The financial burden on power utility PPC as a result of its continued use of lignite-fired power stations at a time when the EU is racing towards climate neutrality has prompted the utility to revise its lignite unit phase-out plan for power stations in northern Greece’s west Macedonia region and Megalopoli in the Peloponnese.
According to latest information, PPC’s administration is planning further premature withdrawals of lignite-fired power stations after announcing a precipitated exit of its Megalopoli III unit, as was reported by energypress yesterday.
The Megalopoli III unit will be shut down six months sooner, in mid-2021, instead of early 2022. This 250-MW lignite-fired facility has operated for just six hours since April.
The average variable cost of lignite-based energy generation is €0.80 per MWh, well over the System Marginal Price of €0.45 per MWh, according to data presented by energy minister Costis Hatzidakis.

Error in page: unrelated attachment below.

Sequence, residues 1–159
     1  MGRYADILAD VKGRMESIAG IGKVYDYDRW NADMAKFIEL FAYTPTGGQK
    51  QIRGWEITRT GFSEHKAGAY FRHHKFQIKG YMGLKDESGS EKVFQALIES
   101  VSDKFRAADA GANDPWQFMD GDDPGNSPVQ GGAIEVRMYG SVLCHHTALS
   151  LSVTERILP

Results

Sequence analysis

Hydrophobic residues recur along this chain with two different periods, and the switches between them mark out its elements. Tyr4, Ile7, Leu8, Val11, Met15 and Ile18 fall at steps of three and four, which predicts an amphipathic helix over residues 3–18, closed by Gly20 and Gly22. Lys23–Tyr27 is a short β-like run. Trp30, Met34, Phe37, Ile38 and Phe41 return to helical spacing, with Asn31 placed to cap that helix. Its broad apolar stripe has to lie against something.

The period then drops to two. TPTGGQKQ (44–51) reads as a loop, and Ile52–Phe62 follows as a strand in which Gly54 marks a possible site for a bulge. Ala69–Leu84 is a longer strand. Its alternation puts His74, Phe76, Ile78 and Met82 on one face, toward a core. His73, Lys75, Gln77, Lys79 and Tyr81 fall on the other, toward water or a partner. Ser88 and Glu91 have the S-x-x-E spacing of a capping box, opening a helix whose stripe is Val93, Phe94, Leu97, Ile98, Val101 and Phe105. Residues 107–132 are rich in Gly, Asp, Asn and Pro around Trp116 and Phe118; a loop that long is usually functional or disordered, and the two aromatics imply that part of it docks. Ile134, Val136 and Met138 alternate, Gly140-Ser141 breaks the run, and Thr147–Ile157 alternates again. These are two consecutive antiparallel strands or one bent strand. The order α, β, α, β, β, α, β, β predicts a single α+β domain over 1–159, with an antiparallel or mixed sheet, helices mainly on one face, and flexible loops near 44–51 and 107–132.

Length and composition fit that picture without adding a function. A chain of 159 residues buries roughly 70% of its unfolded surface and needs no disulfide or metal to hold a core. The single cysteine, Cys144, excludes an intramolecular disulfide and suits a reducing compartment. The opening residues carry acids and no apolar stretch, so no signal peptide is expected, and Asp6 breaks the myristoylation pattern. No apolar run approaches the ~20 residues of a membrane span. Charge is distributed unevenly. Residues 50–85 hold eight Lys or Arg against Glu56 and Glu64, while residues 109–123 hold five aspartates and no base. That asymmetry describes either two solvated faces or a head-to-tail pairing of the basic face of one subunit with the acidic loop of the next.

According to some sources, PPC has once again raised, to the European Commission, a compensation claim for being required to keep operating high-cost power stations in order to secure grid sufficiency and security.
PPC will be forced to proceed with swifter lignite unit exits if this compensation request is not satisfied, pundits said.
Power grid operator IPTO has the final say on the assessment of energy security matters.
PPC’s lignite-fired power stations covered just 36.8 percent of the country’s overall electricity demand in the first half, its lignite units playing a diminished role.